Coton de Tuléar dog breed has been found to carry the gene that causes hyperoxaluria
Coton de Tuléar dog breed has been found to carry a gene mutation that causes a lethal metabolic disease. The disease is called hyperoxaluria. The gene mutation was found at the Finnish Food Safety Authority Evira.
Hyperoxaluria is caused by a defective alanine-glyoxylate aminotransferase (AGT) enzyme. Defective AGT enzyme activity causes oxalate to accumulate in the body. Oxalate crystallizing in the kidneys causes renal failure before the puppies reach the age when they leave for their new homes. The disease is inherited recessively and hence, both parents must be carriers of the defective gene in order for some of the puppies to develop the disease. If a puppy inherits the defective gene from both the mother and the father, which are themselves clinically healthy, it will develop the disease. This means that in litters from two carriers, an average of a fourth of the puppies will develop the disorder. In combinations of a carrier and a non-carrier, all of the puppies are healthy but a puppy has a 50 % chance of being a carrier of the disease.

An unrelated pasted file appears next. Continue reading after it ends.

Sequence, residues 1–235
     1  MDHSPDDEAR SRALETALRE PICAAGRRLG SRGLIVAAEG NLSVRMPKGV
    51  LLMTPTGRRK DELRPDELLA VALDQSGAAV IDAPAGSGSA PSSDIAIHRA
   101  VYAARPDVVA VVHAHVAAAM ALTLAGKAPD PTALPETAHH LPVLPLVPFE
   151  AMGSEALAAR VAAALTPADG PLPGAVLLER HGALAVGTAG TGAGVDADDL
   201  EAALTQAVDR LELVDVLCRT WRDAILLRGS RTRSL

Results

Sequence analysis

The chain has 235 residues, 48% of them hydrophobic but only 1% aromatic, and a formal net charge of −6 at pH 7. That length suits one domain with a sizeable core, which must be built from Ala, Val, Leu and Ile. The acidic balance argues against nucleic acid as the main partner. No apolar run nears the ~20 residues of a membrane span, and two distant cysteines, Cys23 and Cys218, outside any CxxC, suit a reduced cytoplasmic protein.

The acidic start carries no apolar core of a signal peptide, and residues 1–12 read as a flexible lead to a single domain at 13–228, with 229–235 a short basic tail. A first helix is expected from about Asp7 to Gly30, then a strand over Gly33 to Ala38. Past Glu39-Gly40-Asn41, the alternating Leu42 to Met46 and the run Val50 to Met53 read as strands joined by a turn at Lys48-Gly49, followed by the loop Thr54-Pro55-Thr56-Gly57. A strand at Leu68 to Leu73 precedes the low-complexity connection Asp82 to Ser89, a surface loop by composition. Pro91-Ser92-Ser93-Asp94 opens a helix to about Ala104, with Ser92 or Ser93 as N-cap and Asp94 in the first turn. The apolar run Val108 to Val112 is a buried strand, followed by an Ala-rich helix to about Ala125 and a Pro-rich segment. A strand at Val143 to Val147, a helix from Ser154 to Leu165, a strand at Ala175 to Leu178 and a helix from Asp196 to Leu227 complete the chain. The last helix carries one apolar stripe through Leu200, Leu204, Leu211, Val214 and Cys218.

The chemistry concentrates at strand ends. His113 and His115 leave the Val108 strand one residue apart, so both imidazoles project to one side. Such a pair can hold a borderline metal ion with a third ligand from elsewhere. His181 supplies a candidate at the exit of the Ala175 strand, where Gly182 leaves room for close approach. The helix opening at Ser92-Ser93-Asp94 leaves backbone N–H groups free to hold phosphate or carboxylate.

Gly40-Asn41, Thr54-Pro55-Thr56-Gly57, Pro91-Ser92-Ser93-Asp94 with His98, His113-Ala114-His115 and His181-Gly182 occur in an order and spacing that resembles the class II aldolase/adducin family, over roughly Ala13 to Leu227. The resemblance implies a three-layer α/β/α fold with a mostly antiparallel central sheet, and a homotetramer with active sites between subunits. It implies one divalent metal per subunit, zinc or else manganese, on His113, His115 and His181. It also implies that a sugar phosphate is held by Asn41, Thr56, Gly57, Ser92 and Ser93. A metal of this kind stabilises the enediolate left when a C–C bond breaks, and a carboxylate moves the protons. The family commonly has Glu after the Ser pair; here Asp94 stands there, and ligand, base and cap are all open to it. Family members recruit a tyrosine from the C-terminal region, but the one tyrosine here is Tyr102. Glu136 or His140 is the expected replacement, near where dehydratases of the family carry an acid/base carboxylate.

Finding the gene defect has enabled the development of a gene test for this breed. It is easy to prevent the birth of sick puppies by not combining two carriers.
The occurrence of the disease gene among the Coton de Tuléar breed was 8 % in material (total 284 sampled dogs) collected in Finland in 2011. None of the dogs that were examined had two affected alleles.
The disease has previously been described in humans and in Tibetan Spaniels.
The study has been published in an international scientific journal:
Vidgren, G., Vainio-Siukola, K., Honkasalo, S., Dillard, K., Anttila, M., Vauhkonen, H. Primary hyperoxaluria in Coton de Tulear. Animal Genetics 2012: Vol. 43, No. 3, pp. 356-361.
We thank the dog owners for their wonderful cooperation.
For further information, please contact:
Professor Marjukka Anttila, Head of Unit, Pathology Research Unit
Tel. +358 (0)50 354 4601, firstname.lastname(at)evira.fi